What is a AOC Fiber Optic HDMI Cable?
HDMI cables have become a staple in electronics setups across the world. Their versatility and usability have made them the standard when it comes to transferring
video and audio from source to screen. While HDMI standards change, so do the types of cables on the market. One recent change is the addition of fiber optic technology into HDMI.
A fiber optic HDMI cable is an HDMI cable that uses strands of fine glass filament to transfer data as light pulses, and they’re better in some situations, like if you’re
trying to reach a far-away screen. Fiber optics can reliably transfer data over long distances whereas copper HDMI cables cannot.
When it comes to fiber optic HDMI cables, there are some things to know before you buy. While they may be great for certain applications, for others, they might be overkill.
If you are looking to future-proof your media setup, it might be a good idea to switch over now. But don’t think that a fiber optic cable will suddenly make your image quality better.
If you want to learn more about fiber optic HDMI cables, read on.
What Is a Fiber Optic HDMI Cable?
Fiber optic has become sort of a buzzword in tech circles. One mention of the term and automatically your brain goes to more advanced and higher performing electronics.
With fiber optic revolutionizing the way we get the internet, why not apply the tech to other mediums like HDMI cables?
While it might surprise you, fiber optic HDMI cables have actually been around for quite a while. You know those big LED billboards, well, they utilize fiber optic HDMI.
Those giant screens in time square? Well, those use fiber optic HDMI as well. But what does it mean when we say fiber optic?
Fiber optic technology uses strands of fine glass filament to transfer data as light pulses. HDMI cables using fiber optic need to be able to convert the data from
the source into light and back into a readable signal. This means that at each end of a fiber optic HDMI cable are two converters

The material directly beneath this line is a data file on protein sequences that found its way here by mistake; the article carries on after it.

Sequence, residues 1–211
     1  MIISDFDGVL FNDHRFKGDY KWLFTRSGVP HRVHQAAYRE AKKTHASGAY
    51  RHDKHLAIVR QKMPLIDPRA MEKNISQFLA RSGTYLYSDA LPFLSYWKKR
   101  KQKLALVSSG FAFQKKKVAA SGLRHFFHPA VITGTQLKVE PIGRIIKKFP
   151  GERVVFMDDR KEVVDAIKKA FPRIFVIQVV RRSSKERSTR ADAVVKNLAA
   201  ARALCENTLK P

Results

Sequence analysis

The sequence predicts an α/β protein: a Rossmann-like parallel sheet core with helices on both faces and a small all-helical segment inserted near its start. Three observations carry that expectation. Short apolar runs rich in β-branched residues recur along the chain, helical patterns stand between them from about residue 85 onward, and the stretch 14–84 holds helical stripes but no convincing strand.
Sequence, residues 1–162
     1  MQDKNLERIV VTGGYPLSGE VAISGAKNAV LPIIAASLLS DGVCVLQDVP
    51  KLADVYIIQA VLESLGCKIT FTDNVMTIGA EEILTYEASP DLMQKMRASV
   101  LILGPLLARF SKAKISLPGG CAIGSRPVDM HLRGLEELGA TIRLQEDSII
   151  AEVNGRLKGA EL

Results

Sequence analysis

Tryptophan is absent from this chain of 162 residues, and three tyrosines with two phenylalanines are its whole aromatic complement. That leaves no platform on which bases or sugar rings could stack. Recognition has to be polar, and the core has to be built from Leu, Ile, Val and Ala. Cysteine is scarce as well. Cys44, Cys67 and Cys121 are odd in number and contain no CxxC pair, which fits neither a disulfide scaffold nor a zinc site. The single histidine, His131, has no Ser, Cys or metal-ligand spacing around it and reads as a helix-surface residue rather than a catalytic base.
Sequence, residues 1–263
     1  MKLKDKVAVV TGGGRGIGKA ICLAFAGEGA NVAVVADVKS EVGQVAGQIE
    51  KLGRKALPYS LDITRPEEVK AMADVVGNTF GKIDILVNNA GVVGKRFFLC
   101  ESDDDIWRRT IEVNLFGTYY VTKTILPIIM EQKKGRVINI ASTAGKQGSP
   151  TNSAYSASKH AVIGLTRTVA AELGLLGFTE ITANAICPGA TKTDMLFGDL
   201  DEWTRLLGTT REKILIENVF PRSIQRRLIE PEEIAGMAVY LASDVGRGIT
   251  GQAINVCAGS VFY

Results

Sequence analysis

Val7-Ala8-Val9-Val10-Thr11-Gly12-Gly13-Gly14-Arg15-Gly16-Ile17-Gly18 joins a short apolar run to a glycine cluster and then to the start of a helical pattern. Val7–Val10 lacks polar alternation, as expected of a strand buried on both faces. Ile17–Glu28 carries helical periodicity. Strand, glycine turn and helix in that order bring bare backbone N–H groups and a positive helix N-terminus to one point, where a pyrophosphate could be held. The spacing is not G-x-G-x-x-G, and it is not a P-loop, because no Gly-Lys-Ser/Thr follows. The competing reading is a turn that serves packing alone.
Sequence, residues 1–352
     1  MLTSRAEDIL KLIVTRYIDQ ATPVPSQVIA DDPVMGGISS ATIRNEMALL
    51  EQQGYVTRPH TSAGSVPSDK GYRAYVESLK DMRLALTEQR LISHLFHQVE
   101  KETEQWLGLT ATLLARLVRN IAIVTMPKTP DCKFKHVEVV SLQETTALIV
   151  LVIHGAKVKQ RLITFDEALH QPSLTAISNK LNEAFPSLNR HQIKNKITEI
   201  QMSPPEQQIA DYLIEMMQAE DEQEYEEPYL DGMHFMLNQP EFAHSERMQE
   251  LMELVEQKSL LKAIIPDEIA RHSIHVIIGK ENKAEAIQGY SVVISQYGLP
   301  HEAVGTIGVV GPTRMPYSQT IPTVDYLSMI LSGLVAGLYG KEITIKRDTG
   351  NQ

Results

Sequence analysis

Fiber optic technology uses strands of fine glass filament to transfer data as light pulses. HDMI cables using fiber optic need to be able to convert the data from the source into light and back into a readable signal. This means that at each end of a fiber optic HDMI cable are two converters.
The cables are small, easy to use, and can support data speeds of up to 18Gbps or48Gbps. This makes them the perfect choice for high-resolution videos like 4K,5K and 8K. As far as commercially available cables using fiber optics, the market has been growing over the years. Here are a few cables that you can find online: https://www.occcable.com/
Why Would You Choose a Fiber Optic HDMI Cable?
What does HDMI support？
Let’s talk about what makes a fiber optic HDMI cable different from a copper HDMI cable. While they may look similar, as we have learned, there are some differences when it comes to construction. While you might think there is a huge difference between the two, fiber optic HDMI cables really only aim to serve one purpose, and that is cable run length
Unlike optical cables, copper-based HDMI cables have issues with interference and length. The main issue here is going to be the length. If you want to transfer 4K/8K video over a copper HDMI, you can only reach around 30 ft. before you start having issues
With fiber optic, that distance maximum is absolutely smashed. As we explained in our other tutorial on HDMI length, a fiber optic cable can transfer data at a staggering 1000 ft. For most home applications, this is overkill, and this is why for commercial use, fiber optic HDMI is often used. For those huge LED billboards and stadium screens, the source is usually too far away to reliably use copper HDMI.
If you want to use a copper-based cable at a distance of over 30 ft. you’ll need a repeater.But if you are running a cable over 30 ft., it might be a better option to go for a fiber optic cable.
Why You Wouldn’t Want a Fiber Optic HDMI Cable？
Before you go and replace all the HDMI cables in your house, there are some downsides to using a fiber optic version. The first thing you want to know is the image quality of both cables. Without going into too much detail, both copper and fiber optic cables will deliver similar video quality.
This means if you are transferring a 4K/8K video, both cables can handle the job. If you were to compare two screens, one using fiber one copper, you wouldn’t be able to distinguish between the two. The only variable that would change these results is distance. If the source is over 30 ft. away, you will see that the copper HDMI image has some noise.
Another factor to keep in mind is durability. While most fiber optic cables are fairly durable, there is no denying how fragile fiber optic filaments are. Manufacturers will indeed do their best to ensure everything is protected, but if you bend the cable too much, you risk damaging the fibers.
When this happens, it means you are going to experience blackouts. Because these cables require a clear path from one end to the other, even a small break can cause outages. Lastly, fiber optic HDMI cables only work one way. This means one end is for the source and one for the screen. You can’t flip the cable around. This configuration means things like HDMI ARC are right out.
The following is our company's fiber optic cable: